In a must-read New Yorker piece, writer Sasha Frere-Jones profiles electronic music maestro Brian Eno. The interview takes us through Eno’s career from art school, to his ambient masterpieces, to his work with Talking Heads, and beyond. As I said, it’s a great look at a brilliant artist, and I highly recommend checking it out in its entirety, but I wanted to bring this excellent bit — which Frere-Jones pulled from Eno’s chat at the Red Bull Music Academy, from the very end to your attention — as I think it illuminates some advice that all artists can relate to.
“I have a trick that I use in my studio, because I have these 2,800-odd pieces of unreleased music. And I have them all stored in an iTunes file, you know? So when I’m cleaning up the studio, which I do quite often, and it’s quite a big studio, I just have it playing on random shuffle, and so suddenly I hear something and often I can’t even remember doing it, or I have a very vague memory of it. Because a lot of these pieces, they’re just something I started at half past eight one evening and then finished at quarter past ten, gave some kind of funny name to that doesn’t describe anything, and then completely forgot about. And then years later on the random shuffle, this thing comes up and I think, ‘Wow, I didn’t even hear it when I was doing it.’ And I think that often happens. We don’t actually hear what we’re doing . We’re so in control mode that we don’t go into that other mode, which is listener mode, surrender mode, let-it-happen-to-me mode. So I think you should try to find ways of letting that happen to you more often. And then you’ll find the places where you’re getting that feeling. It may all be there already; you just haven’t noticed it. That often happens. I mean, I often find pieces and I think, ‘This is genius. Which me did that? Who was the me that did that?'”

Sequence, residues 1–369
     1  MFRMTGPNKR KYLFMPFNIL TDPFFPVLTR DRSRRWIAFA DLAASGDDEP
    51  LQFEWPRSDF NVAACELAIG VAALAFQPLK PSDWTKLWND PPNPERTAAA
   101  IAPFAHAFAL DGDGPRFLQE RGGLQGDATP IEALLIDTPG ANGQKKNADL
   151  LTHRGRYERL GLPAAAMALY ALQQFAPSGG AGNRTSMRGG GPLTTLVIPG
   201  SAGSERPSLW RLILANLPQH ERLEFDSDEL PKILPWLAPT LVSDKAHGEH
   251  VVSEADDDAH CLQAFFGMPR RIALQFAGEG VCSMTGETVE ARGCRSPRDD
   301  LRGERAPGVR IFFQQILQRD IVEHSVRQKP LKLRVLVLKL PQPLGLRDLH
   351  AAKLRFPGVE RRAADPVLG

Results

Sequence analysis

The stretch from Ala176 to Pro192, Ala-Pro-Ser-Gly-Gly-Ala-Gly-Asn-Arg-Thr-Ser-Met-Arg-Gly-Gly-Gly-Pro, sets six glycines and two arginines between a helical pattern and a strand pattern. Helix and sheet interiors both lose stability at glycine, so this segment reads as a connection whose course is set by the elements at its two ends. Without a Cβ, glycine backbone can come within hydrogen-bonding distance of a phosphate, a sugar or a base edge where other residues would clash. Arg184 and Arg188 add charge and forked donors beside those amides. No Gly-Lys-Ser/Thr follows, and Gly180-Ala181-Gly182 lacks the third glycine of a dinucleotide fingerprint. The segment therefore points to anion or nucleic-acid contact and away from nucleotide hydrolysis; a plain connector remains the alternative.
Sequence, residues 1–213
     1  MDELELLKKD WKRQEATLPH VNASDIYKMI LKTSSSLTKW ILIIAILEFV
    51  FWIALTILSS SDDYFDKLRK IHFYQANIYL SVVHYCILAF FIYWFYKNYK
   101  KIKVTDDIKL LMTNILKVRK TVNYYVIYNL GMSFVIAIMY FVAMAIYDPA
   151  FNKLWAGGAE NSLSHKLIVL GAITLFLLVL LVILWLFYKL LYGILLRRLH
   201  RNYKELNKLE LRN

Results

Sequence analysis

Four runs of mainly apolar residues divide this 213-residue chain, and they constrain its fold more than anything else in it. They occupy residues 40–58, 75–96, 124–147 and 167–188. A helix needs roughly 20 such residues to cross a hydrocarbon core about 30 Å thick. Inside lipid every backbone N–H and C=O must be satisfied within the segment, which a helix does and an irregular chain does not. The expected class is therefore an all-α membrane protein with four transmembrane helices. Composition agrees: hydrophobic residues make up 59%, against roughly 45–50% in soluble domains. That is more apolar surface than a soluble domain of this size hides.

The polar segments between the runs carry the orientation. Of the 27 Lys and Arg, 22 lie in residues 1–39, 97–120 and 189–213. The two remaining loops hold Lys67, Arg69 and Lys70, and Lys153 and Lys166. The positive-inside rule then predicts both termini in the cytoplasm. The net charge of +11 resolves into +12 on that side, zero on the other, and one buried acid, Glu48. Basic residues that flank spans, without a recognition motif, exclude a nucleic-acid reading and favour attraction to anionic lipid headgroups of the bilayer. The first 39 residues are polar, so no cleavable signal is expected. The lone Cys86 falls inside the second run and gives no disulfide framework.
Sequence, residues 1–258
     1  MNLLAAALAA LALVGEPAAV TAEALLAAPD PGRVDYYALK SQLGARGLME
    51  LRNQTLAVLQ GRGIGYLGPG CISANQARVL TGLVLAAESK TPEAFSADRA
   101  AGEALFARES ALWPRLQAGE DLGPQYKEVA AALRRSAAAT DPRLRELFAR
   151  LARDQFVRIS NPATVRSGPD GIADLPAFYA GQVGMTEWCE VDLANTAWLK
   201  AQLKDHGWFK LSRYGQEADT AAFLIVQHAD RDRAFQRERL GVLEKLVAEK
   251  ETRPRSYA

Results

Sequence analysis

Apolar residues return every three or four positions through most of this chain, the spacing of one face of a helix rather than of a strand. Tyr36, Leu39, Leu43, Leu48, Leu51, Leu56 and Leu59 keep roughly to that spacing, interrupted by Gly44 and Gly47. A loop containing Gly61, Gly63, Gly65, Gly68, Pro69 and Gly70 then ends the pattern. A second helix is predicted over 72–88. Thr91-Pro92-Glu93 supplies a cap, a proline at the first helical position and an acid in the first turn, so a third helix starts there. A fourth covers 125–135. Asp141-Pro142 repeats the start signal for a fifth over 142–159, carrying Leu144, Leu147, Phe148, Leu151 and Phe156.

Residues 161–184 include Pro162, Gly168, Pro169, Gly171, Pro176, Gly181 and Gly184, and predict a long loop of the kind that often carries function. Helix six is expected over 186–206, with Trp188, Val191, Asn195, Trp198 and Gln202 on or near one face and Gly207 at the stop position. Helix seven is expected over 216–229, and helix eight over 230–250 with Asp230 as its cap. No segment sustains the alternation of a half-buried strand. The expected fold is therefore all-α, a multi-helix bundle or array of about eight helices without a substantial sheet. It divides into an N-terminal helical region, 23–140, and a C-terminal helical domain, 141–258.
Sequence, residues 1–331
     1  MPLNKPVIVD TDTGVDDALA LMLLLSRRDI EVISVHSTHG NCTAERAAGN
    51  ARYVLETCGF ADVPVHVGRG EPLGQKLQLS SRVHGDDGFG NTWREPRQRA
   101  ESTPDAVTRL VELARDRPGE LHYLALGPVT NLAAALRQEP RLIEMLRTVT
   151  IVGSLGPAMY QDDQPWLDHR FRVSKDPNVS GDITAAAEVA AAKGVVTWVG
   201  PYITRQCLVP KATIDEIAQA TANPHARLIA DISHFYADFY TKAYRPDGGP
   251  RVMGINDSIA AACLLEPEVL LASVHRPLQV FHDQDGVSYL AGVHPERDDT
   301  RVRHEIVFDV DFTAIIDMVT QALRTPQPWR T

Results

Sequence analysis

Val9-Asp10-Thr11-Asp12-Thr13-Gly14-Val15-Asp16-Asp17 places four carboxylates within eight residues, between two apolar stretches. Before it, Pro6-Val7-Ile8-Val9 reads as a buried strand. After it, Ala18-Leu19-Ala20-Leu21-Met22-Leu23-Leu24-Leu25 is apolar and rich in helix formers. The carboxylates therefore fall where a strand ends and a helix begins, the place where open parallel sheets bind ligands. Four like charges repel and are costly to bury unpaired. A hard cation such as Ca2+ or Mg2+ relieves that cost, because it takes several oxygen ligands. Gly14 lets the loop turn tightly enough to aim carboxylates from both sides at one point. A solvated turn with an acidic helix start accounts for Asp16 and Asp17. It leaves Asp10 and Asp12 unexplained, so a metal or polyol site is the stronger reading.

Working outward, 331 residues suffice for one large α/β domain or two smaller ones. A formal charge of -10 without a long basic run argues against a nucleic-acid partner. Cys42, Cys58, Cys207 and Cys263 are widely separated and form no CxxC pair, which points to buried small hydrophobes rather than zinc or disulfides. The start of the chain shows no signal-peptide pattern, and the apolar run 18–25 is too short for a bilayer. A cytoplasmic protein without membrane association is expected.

I love this: “I often find pieces and I think, ‘This is genius. Which me did that? Who was the me that did that?'”
Often as artists, we create something — be it an illustration, photograph, design, poem, story, whatever — and it just doesn’t feel right at the time. We’re not sure why it doesn’t, but it just doesn’t. Maybe we’re not ready to understand what we made. Maybe we’re just not into the particular style or genre we found ourselves in. Maybe we pushed ourselves to a place in which we don’t feel comfortable. Or maybe it’s simply not very good. There could be any number of reasons why our art doesn’t work us, but that doesn’t necessarily mean it might not work down the road. Or perhaps parts of it will work for something else. Or perhaps it could inspire a new, better, more interesting piece. Who knows? This all got me thinking about the Open Discussion from a few of months back where we talked about whether or not it was a good idea to destroy artwork. I think this concept pushes the argument further into “NO WAY, MAN!” territory. But what do you think? Do you ever look back at your old work and ask “Who was the me that did that?” And if so, how does it make you feel?